National Eczema Week: how do you deal with childhood eczema?
What is eczema?
Eczema is a dry skin condition. It is a highly individual condition which varies from person to person and comes in many different forms. One person’s experience is unlikely to be the same as the next. It is not contagious but can run in families.
A mild case of eczema might mean that the skin is dry, scaly, red and itchy. In more severe cases however, there may be weeping, crusting and bleeding. Constant scratching causes the skin to split and bleed and also leaves it open to infection. Eczema can be very distressing for families.
Eczema affects people of all ages but is primarily seen in children. Those who “grow out” of their eczema during early childhood may see it recur again in later life.
In the UK, one in five children and one in twelve adults have eczema. In addition to this many parents believe that their children have ‘sensitive skin’.
National Eczema Week
During National Eczema Week (16 to 24 September) there will be the opportunity for families to come together to share their stories through a range of events with the National Eczema Society team providing information, advice and support at various venues across the UK.
It’s a chance to raise awareness and understanding of this condition and find new ways to cope with and treat eczema.
Two of my four children have suffered with eczema. In the main it has been something that has been a problem during the toddler years. My eldest child seems to have pretty much grown out of it, but if she is ever worried about something or a bit run down she is prone to a flare up, although nothing like she used to have.
As a toddler she used to get a very raw patch under her chin. It was often itchy and painful. She would also get the odd patches on her face and torso and then as she got older also her arms and legs.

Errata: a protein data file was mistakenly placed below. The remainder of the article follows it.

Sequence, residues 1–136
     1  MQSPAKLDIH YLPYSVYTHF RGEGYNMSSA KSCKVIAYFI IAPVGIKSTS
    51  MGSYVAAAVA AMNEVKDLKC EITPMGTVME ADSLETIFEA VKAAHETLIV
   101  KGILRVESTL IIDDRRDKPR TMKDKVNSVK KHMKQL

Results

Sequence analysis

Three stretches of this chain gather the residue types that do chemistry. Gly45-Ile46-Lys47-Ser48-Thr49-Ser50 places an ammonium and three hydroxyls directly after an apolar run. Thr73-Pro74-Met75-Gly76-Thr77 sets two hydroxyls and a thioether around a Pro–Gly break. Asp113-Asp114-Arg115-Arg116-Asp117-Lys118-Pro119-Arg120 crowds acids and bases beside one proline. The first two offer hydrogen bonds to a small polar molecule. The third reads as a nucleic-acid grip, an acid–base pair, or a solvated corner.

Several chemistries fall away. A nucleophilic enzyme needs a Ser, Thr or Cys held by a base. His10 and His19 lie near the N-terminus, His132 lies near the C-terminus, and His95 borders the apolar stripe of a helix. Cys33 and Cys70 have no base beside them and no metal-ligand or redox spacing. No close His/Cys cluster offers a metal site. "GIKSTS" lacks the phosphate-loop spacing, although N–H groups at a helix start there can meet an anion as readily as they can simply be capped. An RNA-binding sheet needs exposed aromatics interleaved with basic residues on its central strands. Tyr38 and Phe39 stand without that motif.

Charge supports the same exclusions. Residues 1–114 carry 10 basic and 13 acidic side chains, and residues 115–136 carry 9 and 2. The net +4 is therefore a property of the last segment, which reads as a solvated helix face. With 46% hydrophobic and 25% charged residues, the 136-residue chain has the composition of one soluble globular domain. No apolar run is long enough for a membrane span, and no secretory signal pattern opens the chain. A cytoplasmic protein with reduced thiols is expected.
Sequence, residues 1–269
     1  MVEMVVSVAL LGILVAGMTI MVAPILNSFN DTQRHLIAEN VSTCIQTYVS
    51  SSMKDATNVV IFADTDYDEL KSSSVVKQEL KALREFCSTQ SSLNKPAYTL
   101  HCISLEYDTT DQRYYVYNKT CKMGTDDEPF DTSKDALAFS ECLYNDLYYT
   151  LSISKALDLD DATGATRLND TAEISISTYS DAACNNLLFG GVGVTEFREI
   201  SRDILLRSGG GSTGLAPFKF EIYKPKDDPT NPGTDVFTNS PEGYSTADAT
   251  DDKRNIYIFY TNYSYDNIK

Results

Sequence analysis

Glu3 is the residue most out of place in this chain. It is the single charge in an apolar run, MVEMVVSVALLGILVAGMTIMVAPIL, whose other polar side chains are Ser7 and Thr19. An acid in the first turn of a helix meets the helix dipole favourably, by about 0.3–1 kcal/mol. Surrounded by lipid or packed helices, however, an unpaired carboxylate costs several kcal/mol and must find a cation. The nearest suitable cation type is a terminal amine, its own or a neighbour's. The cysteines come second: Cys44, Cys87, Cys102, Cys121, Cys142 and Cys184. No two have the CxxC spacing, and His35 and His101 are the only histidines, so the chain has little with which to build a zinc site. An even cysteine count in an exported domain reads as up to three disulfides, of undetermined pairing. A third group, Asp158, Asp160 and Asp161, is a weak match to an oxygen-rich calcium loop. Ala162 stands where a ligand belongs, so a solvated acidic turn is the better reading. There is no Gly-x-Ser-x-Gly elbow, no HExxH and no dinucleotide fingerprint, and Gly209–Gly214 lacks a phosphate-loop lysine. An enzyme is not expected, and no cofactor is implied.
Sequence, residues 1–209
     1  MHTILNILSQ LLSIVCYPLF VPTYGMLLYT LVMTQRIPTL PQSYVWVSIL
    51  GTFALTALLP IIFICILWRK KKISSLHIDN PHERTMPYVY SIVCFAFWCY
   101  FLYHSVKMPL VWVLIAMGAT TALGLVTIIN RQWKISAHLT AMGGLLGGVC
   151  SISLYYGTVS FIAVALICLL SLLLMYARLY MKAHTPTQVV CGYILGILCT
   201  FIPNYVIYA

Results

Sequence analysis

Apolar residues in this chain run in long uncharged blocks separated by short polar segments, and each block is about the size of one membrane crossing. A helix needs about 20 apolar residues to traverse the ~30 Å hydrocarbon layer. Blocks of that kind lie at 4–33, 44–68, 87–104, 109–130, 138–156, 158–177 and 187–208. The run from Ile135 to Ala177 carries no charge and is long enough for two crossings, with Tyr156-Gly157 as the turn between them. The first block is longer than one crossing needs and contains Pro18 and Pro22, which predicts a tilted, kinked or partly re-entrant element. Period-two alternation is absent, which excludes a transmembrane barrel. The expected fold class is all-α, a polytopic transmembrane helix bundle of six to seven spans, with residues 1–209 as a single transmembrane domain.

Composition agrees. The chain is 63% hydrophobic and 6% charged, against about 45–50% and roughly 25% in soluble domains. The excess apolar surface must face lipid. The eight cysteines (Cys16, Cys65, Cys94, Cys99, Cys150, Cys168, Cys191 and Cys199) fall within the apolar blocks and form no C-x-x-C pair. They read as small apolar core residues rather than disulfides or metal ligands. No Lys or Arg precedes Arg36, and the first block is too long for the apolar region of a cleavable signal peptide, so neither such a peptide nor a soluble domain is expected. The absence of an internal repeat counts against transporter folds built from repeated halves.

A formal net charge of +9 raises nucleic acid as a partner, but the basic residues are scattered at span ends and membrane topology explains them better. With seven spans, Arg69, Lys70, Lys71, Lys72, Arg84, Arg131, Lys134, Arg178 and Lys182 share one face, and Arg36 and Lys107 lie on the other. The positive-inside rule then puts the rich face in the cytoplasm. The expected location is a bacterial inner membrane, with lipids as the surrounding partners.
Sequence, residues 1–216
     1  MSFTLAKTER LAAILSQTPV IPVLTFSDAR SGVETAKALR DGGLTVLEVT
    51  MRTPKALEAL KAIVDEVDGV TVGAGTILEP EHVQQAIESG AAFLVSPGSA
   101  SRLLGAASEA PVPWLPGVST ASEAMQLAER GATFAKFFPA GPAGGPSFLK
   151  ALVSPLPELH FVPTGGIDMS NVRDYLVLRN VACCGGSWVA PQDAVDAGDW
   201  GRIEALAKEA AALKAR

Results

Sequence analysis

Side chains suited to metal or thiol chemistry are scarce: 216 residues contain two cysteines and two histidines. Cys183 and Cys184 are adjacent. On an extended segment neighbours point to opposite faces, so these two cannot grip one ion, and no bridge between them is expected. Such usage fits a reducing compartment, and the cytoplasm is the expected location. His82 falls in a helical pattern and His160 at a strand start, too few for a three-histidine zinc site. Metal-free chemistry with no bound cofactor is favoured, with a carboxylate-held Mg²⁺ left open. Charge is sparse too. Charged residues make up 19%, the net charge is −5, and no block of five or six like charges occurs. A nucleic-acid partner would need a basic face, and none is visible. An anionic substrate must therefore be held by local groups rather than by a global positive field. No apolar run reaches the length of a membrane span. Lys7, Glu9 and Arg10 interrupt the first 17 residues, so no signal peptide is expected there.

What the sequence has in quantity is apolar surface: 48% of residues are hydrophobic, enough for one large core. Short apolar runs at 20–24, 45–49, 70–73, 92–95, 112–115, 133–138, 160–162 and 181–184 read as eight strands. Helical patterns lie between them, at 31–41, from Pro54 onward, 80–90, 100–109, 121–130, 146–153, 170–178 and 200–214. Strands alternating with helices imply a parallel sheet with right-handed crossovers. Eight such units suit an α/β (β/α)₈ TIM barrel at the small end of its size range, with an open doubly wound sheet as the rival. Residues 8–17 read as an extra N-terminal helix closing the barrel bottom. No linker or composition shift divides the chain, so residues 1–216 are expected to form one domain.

My third child has also suffered with eczema. His problem areas have mainly been his wrists, inside of his elbows and behind his knees. The elbows have always been the worst affected area and have caused a great deal of distress at times.
Both children seemed to be affected by significant changes in temperature and during the holidays we noticed that being on the beach aggravated the eczema quite a lot.
Like many parents, I’ve tried many different things over the years, hoping to find a magic cure for my children’s eczema. You’ve probably seen in the press that the brand Childs Farm has gained quite a following since parents have gone public claiming that their hand and body moisturiser cured long-standing eczema.
We’ve been using Childs Farm products for a long time now and although I can’t tell you that their products have cured my children’s eczema, what I can say with confidence is that they do not aggravate it.
Formulated especially for the delicate skin of babies and children, Childs Farm uses natural ‘free-from’ ingredients and essential oils to produce a range of mild, kind and delicious-smelling toiletries. The products contain no parabens, SLSs, minerals oils or artificial colours.
It is one of the very few baby and child ranges to undergo clinical tests and controlled user trials. These certify that the products are dermatologically tested and approved, and paediatrician approved, as suitable for newborns and upwards – even those with eczema-prone skin.
The reason we like the products so much is that, unlike other products for sensitive skin, Childs Farm toiletries look such fun in the bathroom that the children love to use them, and because they’re scented with essential oils, they smell amazing too.
In terms of treating the eczema, we’ve found New Genn products to be very useful and also, more recently the Epaderm 3-in-1 ointment. I finally feel as if the eczema is under control and we have many more good days than bad days now.
Childs Farm products are a permanent feature in our bathroom, shower and the swimming bags, as they are the only products I am confident won’t aggravate the eczema.
Helping each other
National Eczema Week is all about helping each other. If you find something that works for your child, let people know. It’s unlikely to work for everyone BUT even if it only helps one other family it’s worth sharing your story.
Any parent of a child with eczema will know how hard things can be sometimes – so it’s really important for us to find a way to reduce the pain and tears caused by this skin condition.